No matter how much effort we put into our homes, sometimes there is just something missing. We can't quite put our finger on what it is. We have a chair in the corner, a lively assortment of throw pillows on the sofa, a rug large enough to fill the room, a floor lamp providing much-needed mood lighting—what could possibly be making this room feel incomplete? While we rack our brains trying to put the pieces of the puzzle together, chances are any great interior designer could walk right into your room and point out exactly what's amiss. And poof! A room goes from good to great, just like that.
In an effort to understand what might be hindering our own rooms, we tapped ATG Stores to gain some insight. The company's latest project? 52 Weeks of Design, a collaborative series that celebrates 2017's most cutting-edge designers. Luckily, the team obliged, and as a result, we got exclusive information about what designers believe most rooms are missing. How does your home stack up? Find out the key pieces most rooms are lacking, according to A-list designers.
Multiple Light Sources
"No room is complete without multiple light sources, all on dimmers," says interior designer Nick Olsen, who knows the value of flattering lighting in a room—something he surely learned from his design mentor Miles Redd. L.A.-based designer Mary McDonald agrees: "No room is complete without the right lighting," she says. This includes lighting at the right intensity, dispersed all around a room at varying heights. A single overhead source is far from enough.
"The best rooms, like the best people I know, don't take themselves too seriously," Olsen says. "There's a tattered chair seat or some framed artwork by a toddler on proud display." Rather than striving for perfection, embrace the small defects, the worn qualities of an antique piece, or the item that oddly stands out. "I love the thrill of the hunt: auction websites, flea markets, even IKEA," adds the designer. "It's about finding the best of what's out there on every level." To interior decorator Drew McGukin, this is what give a room a soul, something that no room is complete without.
For McGukin, the easiest way to transform a room is with quality window treatments: "Proper draperies or suitable window treatments always take you to the next level," he says. Whether it's custom-made curtains or window shades (or a combination of both), this little investment can go a really long way into making a home feel tailored and complete.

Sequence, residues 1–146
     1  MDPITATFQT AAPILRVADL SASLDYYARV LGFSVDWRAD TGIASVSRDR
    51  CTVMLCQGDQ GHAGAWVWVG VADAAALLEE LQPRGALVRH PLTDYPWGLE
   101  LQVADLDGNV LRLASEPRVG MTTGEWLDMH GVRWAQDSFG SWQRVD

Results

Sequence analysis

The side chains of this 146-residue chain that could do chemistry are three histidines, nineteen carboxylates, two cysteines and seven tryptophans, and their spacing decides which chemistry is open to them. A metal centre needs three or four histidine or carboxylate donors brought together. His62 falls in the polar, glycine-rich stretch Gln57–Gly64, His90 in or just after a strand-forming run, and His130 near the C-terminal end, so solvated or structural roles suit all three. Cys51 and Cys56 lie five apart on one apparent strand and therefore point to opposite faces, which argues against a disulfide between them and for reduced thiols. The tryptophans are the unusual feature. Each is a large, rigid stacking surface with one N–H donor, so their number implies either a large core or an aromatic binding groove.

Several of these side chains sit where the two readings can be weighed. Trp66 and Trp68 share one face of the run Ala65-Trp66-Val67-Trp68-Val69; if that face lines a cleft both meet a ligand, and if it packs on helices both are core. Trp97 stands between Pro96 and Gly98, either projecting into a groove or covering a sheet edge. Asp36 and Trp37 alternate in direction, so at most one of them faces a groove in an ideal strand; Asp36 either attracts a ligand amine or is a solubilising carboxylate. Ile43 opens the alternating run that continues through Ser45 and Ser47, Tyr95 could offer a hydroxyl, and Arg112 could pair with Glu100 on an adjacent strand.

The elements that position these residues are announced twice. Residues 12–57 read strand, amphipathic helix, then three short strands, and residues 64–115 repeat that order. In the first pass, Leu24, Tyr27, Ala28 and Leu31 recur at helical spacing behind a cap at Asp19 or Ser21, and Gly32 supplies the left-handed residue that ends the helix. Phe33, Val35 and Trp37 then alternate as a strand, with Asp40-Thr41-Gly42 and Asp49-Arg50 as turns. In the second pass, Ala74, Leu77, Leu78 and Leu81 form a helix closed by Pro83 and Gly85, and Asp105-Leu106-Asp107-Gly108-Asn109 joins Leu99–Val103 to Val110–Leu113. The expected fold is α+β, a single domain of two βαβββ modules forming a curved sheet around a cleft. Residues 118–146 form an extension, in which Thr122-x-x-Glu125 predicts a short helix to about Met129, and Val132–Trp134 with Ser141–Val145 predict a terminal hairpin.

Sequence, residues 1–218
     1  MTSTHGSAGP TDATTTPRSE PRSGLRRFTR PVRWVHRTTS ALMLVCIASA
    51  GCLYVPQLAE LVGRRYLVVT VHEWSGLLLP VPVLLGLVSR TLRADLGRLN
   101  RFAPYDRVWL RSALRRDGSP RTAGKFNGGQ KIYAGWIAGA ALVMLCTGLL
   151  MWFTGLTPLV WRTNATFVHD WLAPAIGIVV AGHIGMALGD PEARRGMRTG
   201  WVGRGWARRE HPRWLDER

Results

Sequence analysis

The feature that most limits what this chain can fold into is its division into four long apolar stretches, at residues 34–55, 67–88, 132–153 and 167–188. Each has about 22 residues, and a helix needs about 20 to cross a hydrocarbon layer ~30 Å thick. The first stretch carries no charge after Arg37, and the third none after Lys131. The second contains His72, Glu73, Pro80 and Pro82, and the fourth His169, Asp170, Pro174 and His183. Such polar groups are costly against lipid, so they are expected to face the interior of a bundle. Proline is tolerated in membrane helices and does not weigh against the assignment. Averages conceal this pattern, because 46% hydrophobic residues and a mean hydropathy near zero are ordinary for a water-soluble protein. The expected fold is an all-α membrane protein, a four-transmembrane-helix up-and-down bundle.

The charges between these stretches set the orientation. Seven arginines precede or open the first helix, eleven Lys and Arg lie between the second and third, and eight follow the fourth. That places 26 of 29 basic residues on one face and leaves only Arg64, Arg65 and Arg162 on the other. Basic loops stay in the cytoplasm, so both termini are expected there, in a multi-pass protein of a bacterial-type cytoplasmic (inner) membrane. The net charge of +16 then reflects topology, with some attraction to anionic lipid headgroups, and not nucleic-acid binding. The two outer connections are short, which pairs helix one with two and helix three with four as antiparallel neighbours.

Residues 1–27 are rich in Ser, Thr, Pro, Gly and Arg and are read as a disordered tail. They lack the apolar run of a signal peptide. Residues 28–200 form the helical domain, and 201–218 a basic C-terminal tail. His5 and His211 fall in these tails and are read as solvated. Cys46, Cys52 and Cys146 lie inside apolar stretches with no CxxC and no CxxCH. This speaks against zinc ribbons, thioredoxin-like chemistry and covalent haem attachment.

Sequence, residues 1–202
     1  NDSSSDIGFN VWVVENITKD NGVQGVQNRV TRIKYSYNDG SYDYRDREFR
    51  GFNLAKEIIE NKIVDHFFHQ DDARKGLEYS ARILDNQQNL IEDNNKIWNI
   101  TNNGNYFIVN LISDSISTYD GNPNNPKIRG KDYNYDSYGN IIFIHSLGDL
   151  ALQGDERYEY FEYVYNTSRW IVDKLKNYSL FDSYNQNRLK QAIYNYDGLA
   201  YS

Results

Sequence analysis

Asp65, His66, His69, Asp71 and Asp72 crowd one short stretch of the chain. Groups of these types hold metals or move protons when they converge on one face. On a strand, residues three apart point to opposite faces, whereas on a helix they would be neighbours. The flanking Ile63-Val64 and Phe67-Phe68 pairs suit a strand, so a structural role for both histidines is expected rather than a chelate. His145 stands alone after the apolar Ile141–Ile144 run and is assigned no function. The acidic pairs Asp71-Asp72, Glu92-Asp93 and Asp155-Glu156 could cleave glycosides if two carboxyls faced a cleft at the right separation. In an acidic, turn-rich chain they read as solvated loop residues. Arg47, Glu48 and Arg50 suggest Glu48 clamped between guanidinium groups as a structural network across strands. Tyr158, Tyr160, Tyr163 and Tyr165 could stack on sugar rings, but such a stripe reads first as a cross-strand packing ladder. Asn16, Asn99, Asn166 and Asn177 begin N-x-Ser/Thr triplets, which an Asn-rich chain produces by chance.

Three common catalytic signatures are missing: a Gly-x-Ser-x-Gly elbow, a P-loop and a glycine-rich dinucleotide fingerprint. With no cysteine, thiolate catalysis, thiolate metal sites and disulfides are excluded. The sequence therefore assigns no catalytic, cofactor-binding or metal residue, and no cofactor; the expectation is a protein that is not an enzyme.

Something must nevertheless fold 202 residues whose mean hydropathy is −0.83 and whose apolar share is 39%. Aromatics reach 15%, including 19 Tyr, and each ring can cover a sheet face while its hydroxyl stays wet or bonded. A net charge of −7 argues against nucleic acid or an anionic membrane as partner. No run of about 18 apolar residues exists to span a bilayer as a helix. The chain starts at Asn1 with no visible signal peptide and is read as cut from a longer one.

A Little Black
"No room is complete without a little black," say Anne Maxwell Foster and Suysel dePedro Cunningham, the design duo behind Tilton Fenwick. "Our favorite rooms always have a touch of black—it always helps ground a room. It could be a black lampshade or a small drink table—but something to make a room less fussy."
For Jesse Carrier and Mara Miller, the couple behind the celebrated design firm Carrier and Company, the one thing that makes a room complete is art. "We often place artwork on colorful walls to both enhance and create excitement." If this philosophy is good enough for the firm's A-list clients—which include Anna Wintour, Jessica Chastain, and Jerry Seinfeld—it's good enough advice for us!
A Coat of Paint
Carrier and Miller also believe that the easiest way to transform a room is through paint: "Paint everything: floors, ceilings, doors—it's inexpensive and (usually) reversible." Olsen is also a big fan of paint, daring to break antiquated design rules to maximize his designs: "I don't believe that you can't paint old wood," he says. "Just because it's original doesn't make it chic or special. If a house has 200-year-old pine floors in a hideous yellow stain, I will paint them white or dark green in a heartbeat."
The Right Mix
Perhaps one of the most widespread responses to our search of the one thing most rooms are missing was the right mix—something that's intangible and yet has such a great impact on décor everywhere. "Decorating is, and always has been, all about the mix," Carrier and Miller say. "A room's style—a home's style—derives from the pairings, the compositions, the accents, the details. Unexpected choices in scale, material, or placement, a daring use of bold color or finish, may arrest the eye and stop time."
Each interior designer has its own definition of what the right mix actually entails—which is what makes each of them unique. For Mary McDonald, it's "the old and the new, the feminine and masculine. The structural and fluid combined together for a pretty inviting interior." For Tilton Fenwick, it's "color and layering pattern-on-pattern. We are inspired by travels." For McGukin, it's attention to the basics: "The scale, rhythm, balance, lines, and shapes … and consistently being focused on bringing some of these elements and principles of design back into clear view."
Wondering what decorating mistake you might be making in your living room? Interior designers weigh in.